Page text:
Yesterday Rob was 60 and we decided to have a day out to celebrate, see some history of Trinidad and escape boat work for a while.
The day before, having the unusual luxury of a cool air-conditioned cabin, I managed to make a coffee and pecan sponge cake with coffee buttercream, which didn’t melt away in minutes. Normally it is best to make melted cakes, such as gingerbread, or rubbed in mixtures for fruit cake.
We kept it in a box just under the a/c unit just in case but it did last. Being on the hard, I could also weigh the ingredients accurately with the electronic scales instead of getting ‘unstable’ as a reading. So the cake rose and was edible, quite a result.
We left half (the bit Rob didn’t put his finger in) with the office staff as we knew we couldn’t get through it all ourselves and then joined Mike in his lovely people carrier for a day visiting some of the cultural sites in the central part of Trinidad.
Our first stop was a small pottery, busy making pots for holding oil to light for next month’s Divali, the Festival of Lights events. It was fascinating to watch the potter working, producing almost identical pots time and time again.
The stack of wood was waiting to be put underneath the kiln to dry out the tiny pots.
Next we headed on to the Temple In The Sea. This was built by one man, who carried boulders into the sea to make the pathway to the Temple. His original temple on shore had been destroyed but he decided to rebuild it. He died before finishing the job but it was completed and is now a memorial to all the hundreds of thousands of Indians who were indentured labourers in the islands and who took up the offer of a plot of land instead of a return ticket to India after their contract expired.
The murti are very colourful, as are the prayer flags and the entire site is tranquil and serene. The caretaker told us about the Gods and some of the stories associated with them and gave us some history about the Temple. Around the shore were countless pots, material from flags and small murti thrown into the water for religious reasons.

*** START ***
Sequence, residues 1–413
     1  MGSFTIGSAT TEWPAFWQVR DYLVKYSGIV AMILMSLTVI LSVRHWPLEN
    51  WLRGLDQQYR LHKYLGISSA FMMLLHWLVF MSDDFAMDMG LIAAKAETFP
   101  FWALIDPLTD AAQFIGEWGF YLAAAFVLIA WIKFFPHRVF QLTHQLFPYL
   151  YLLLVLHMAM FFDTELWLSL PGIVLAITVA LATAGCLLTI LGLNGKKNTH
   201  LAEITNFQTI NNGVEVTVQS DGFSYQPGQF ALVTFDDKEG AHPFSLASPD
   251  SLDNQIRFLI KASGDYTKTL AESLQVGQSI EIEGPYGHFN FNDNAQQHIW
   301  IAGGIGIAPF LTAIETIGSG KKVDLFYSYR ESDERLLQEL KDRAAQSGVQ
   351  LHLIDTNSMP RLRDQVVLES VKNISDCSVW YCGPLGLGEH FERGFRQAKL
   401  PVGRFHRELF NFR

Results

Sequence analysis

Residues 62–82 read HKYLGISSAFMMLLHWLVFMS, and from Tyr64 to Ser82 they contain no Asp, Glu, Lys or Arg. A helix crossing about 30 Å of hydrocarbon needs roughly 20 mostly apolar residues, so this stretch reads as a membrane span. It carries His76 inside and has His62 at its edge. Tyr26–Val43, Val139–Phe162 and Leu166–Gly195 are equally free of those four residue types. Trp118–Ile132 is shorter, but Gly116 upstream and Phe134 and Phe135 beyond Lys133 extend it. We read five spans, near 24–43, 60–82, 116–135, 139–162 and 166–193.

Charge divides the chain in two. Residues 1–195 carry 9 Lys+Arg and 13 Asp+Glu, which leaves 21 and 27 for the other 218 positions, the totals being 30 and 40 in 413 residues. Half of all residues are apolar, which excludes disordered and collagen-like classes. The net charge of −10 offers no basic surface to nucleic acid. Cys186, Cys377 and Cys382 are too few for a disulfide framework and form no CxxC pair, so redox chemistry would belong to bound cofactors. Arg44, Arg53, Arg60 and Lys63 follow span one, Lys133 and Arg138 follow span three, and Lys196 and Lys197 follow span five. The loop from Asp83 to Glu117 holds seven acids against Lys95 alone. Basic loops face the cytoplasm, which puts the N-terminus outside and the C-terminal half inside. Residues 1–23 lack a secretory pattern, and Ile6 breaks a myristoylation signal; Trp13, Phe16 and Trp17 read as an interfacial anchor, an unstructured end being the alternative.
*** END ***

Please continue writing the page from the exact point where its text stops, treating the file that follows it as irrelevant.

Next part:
Next we went to a local Roti hut for a quick, tasty and cheap lunch, then to the Museum of Indian Culture, which housed an excellent display of objects, clothing and documentation relating to the indentured labourers. Well worth a visit and like the Temple, donations only.
We had a quick stop to look at the biggest Murti in the Western Hemisphere. Definitely big!
Our final visit of the day was further north, to the St Benedict’s Monastery high up in the hills. There is a guesthouse, retreat and a great view over the plains. We had booked tea, which comprised of Earl Grey tea, cake and a couple of cheese and sesame scones. The latter didn’t quite go with the guava jam but it was only 3 GBP each and quite an experience.
Our driver was obviously coming down with something and had quite a fever by the end of the day. As he didn’t have any joint pains we were all assuming it wasn’t Chikungunya but it is now rife throughout the islands and people are very afraid of getting it.
This morning we are joining fellow cruisers to meet the Minister Of Tourism to talk about how Trinidad can attract more yachties and improve the service to the yachting community. Then we have to start concentrating on sanding the hull, getting her painted and look forward to relaunching.